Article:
4. The Wicker Man (1973)
In Robin Hardy’s The Wicker Man, a police officer named Sgt. Neil Howie (Edward Woodward) finds himself conflicted between his belief in Christ and the pagan belief of the islanders of Summerisle, and whether or not to investigate a missive’s most cryptic reference to a missing girl named Rowan Morrison (Geraldine Cowper). The higher you climb, the colder it gets. That’s where you’ll find Rowan. Although Summerisle has the feel of a neverending festival, Howie never sees anything as particularly celebratory, and the island’s freewheeling, openly sexual, and exotic ways get to him. What begins as a quaint murder mystery becomes almost a war of philosophies and worldviews, and a clashing of modern myth with those of old.
While this movie does have entertaining elements, I am strongly tempted to be a buzzkill and highlight some of the serious concepts involved, including the general concept of the culture clash, cultish behavior, the power of belief, and the dangers of being a strongly outnumbered political/social minority of any kind. Really, all of these things happen in The Wicker Man, which is partly why it resonates with me in a somewhat serious manner, despite its overall quirkiness. How deep am I willing to get here? Well, I can watch The Wicker Man and be reminded of all sorts of wars and moments of persecution under tyrannical regimes, or so-called “democratic governments” as well.
What is the difference between revering someone who’s competent and treating them as a God or demigod? When does someone making you feel good, powerful, morally right justify atrocities? Why listen to someone like Lord Summerisle, or a couple of military experts who help launch a coup? All that seriousness aside, it’s a pretty good film for demonstrating just how dangerous beliefs can be if no one allows them to be challenged. It’s a story told with an eye to the true absurdity and complexity of human belief, fuelled by the fear of existential irrelevance, with a fair number of humorous elements.
5. Young Frankenstein (1974)
Does Dr. Frederick Frankenstein (Gene Wilder) take after his grandfather, Victor Frankenstein, or does the apple sometimes fall too far from the tree? That’s the initial question of Mel Brooks’s Young Frankenstein. Of course, it takes little time for us to get the answer. It seems a Frankenstein is a Frankenstein, through and through. Shortly after The Monster (Peter Boyle) is inevitably brought to life in Frankenstein’s fun factory, we are introduced to the robotic Inspector Kemp (Kenneth Mars), who quite strongly disapproves of Frederick Frankenstein’s choice of profession.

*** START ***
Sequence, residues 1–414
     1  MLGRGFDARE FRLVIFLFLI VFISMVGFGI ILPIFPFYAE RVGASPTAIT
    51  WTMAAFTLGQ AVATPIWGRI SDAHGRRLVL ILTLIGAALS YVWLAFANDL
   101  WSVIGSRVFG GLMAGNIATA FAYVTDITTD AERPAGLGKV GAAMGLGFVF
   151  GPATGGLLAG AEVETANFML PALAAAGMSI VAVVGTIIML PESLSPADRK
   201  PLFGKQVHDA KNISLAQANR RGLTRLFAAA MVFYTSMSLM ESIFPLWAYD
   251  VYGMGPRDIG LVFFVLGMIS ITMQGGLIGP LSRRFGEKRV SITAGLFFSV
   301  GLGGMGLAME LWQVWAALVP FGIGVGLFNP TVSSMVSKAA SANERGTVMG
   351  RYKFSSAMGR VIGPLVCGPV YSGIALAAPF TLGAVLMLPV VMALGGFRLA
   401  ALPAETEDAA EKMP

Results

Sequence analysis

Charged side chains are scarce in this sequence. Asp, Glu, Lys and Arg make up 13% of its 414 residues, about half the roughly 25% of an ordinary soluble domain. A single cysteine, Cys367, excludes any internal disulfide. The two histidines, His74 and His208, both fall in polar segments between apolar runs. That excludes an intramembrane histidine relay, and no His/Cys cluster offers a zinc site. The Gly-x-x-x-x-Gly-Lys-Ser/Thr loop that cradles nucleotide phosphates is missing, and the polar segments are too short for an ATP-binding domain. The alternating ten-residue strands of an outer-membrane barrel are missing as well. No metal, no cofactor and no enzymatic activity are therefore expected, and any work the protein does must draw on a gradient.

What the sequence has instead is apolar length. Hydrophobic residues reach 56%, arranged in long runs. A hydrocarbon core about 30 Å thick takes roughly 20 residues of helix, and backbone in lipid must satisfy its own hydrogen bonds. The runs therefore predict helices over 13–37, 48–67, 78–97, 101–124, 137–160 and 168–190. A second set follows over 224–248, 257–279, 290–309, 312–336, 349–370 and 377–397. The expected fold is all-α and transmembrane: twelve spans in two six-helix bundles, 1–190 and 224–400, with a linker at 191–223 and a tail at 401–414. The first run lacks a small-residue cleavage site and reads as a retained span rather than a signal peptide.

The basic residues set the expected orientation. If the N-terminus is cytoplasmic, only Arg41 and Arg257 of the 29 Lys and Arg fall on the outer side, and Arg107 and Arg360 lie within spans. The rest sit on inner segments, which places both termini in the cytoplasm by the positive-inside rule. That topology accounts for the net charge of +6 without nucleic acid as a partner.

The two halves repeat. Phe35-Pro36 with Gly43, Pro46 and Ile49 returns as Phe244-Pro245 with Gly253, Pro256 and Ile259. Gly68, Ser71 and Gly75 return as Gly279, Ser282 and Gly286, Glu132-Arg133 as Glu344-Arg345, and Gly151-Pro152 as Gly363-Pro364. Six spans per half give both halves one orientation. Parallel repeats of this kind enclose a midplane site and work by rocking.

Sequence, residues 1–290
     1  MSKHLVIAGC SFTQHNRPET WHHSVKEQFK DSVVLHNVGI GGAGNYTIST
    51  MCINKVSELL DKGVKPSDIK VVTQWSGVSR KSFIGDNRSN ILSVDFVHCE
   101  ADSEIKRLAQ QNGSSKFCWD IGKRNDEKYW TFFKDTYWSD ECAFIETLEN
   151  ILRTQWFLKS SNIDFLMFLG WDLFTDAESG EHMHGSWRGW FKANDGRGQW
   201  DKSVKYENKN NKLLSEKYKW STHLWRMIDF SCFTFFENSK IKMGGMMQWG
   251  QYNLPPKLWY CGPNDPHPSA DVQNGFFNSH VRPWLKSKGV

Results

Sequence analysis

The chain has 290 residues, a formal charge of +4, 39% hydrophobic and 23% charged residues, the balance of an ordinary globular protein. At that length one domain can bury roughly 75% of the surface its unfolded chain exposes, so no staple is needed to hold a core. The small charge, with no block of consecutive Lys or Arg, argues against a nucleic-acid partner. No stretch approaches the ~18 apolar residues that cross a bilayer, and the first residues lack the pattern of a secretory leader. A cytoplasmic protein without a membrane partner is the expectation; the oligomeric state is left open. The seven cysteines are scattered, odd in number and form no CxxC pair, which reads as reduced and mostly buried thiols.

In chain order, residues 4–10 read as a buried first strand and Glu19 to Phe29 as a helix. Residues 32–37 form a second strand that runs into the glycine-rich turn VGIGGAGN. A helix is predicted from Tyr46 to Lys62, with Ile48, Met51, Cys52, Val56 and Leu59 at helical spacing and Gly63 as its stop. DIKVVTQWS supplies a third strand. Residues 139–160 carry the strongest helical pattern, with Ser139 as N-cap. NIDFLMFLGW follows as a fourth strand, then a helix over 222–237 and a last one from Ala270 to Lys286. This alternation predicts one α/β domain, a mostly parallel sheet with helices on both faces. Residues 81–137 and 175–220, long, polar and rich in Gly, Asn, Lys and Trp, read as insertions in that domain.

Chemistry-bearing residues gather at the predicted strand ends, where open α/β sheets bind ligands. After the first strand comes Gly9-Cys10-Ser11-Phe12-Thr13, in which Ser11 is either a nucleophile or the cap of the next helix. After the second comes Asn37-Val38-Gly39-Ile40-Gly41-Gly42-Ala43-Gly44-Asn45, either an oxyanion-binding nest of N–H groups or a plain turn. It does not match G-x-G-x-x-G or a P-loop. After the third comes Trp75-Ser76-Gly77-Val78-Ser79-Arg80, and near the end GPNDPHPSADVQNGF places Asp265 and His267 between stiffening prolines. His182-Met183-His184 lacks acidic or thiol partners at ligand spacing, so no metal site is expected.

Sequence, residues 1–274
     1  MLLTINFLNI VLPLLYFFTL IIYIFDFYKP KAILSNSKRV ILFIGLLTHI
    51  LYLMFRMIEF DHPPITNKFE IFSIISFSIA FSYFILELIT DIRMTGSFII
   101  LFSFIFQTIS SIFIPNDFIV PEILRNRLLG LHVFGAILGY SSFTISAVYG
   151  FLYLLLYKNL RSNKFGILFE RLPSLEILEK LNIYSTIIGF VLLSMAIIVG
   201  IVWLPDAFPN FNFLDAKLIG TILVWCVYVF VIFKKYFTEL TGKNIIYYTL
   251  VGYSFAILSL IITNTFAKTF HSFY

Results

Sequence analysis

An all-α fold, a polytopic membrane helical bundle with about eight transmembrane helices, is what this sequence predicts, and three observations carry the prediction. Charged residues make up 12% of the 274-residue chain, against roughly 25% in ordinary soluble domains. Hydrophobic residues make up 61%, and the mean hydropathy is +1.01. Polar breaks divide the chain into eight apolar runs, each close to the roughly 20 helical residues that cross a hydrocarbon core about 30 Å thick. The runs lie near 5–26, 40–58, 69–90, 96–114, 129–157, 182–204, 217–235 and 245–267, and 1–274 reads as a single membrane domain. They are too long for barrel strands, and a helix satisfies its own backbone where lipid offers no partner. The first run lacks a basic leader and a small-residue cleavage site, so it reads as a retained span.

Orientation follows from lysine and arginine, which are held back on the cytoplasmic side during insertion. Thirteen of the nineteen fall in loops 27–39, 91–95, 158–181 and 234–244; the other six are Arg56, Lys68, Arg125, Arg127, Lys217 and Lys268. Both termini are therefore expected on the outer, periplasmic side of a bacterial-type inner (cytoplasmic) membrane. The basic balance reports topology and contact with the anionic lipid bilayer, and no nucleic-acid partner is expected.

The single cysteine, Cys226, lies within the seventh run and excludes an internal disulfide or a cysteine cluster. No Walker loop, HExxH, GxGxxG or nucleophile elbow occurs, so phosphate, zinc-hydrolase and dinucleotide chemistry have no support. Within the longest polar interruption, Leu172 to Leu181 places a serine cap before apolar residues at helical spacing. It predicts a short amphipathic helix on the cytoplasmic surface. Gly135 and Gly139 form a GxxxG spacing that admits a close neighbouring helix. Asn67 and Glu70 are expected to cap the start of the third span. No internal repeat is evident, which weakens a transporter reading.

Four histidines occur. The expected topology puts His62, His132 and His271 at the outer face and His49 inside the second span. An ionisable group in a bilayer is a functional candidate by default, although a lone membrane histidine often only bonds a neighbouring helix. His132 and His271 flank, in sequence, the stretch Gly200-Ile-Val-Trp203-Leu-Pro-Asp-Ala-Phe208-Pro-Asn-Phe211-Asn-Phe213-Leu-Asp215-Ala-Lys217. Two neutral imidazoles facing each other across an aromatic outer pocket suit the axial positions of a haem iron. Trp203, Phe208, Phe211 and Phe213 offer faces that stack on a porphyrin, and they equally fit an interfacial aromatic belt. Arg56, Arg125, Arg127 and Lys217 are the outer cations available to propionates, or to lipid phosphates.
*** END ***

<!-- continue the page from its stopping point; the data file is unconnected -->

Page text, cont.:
With townspeople equally wary of scientists, Police Inspector Kemp shows up to inspect the Doctor, hoping he ignores his grandfather’s ideas. Mar’s performance as Kemp seems to be underrated, but his robotic timing is perfect, his German accent funny, and it seems to highlight comedic styles from a different era. Part of the humor is obviously that he (and the town) are so distrustful of Frederick, and it turns out Frederick may have been destined to follow in Victor’s footsteps (though this film’s Monster is not quite as violent, most of the time).
There are definitely other notable comedy-tinged drama elements to Young Frankenstein. Frederick is continually rejected by his fiancé, Elizabeth (Madeline Kahn), a strikingly beautiful socialite who seems to sense he’s coming from a dysfunctional family background (eventually, she and The Monster get married, after it’s clear he has romantic feelings for Elizabeth or something like them). There is never a strong sense that they are attracted to each other, and the relationship seems to be discouraged by the other members of her circle.
Also, of course, there are more plainly comedic parts, and entire characters available primarily for laughs. Frederick’s lab assistant, Igor (Marty Feldman), is incompetent yet lovable, without a trace of anything egotistical or headstrong about him, in the starkest contrast to Inspector Kemp and his exaggerated sternness.